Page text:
Jasper Johns Still Doesn’t Want to Explain His Art


LOS ANGELES — Not long ago, Jasper Johns, who is now 87 and widely regarded as America’s foremost living artist, was reminiscing about his childhood in small-town South Carolina. One day when he was in the second grade, a classmate named Lottie Lou Oswald misbehaved and was summoned to the front of the room. As the teacher reached for a wooden ruler and prepared to paddle her, Lottie Lou grabbed the ruler from the teacher’s hand and broke it in half. Her classmates were stunned.

“It was absolutely wonderful,” Mr. Johns told me, appearing to relish the memory of the girl’s defiance. A ruler, an instrument of the measured life, had become an accessory to rebellion.


“Painting With Ruler and ‘Gray’ ” (1960), in the Broad survey, with a nailed-on contraption made from two sticks. The top one, a yardstick, can rotate like a hand on a clock, as if to measure the ticking minutes it took Mr. Johns to make the work. Credit All rights reserved Jasper Johns/Licensed by VAGA, New York, NY; Coley Brown for The New York Times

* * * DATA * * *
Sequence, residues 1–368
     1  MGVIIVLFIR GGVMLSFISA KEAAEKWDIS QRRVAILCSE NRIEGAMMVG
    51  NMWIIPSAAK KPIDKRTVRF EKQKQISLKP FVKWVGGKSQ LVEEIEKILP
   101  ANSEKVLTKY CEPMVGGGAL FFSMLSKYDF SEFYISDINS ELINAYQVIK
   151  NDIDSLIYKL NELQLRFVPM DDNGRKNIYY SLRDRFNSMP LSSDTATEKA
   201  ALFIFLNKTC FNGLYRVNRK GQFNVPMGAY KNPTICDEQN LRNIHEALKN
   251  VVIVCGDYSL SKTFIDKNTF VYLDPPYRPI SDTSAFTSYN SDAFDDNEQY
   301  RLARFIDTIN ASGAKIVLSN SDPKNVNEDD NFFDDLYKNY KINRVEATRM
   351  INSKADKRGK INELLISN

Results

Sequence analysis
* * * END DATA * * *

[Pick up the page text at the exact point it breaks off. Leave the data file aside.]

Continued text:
I thought of the anecdote the other day in Los Angeles, at the Broad museum’s beautiful retrospective, “Jasper Johns: Something Resembling Truth.” Coincidentally or not, several of the paintings in the show happen to have rulers affixed to their surfaces. It would be foolish, of course, to view Mr. Johns’s story about the brazen schoolgirl and the broken ruler as the source for those paintings. But is it fair to describe the anecdote as a haunting, an experience that lodged deeply in his brain while a thousand others were promptly forgotten?

Mr. Johns himself is loath to offer biographical interpretations of his work — or any interpretations, for that matter. He is famously elusive and his humor tends toward the sardonic. He once joked that, of the dozens of books that have been written about his art, his favorite one was written in Japanese. What he liked is that he could not understand it.

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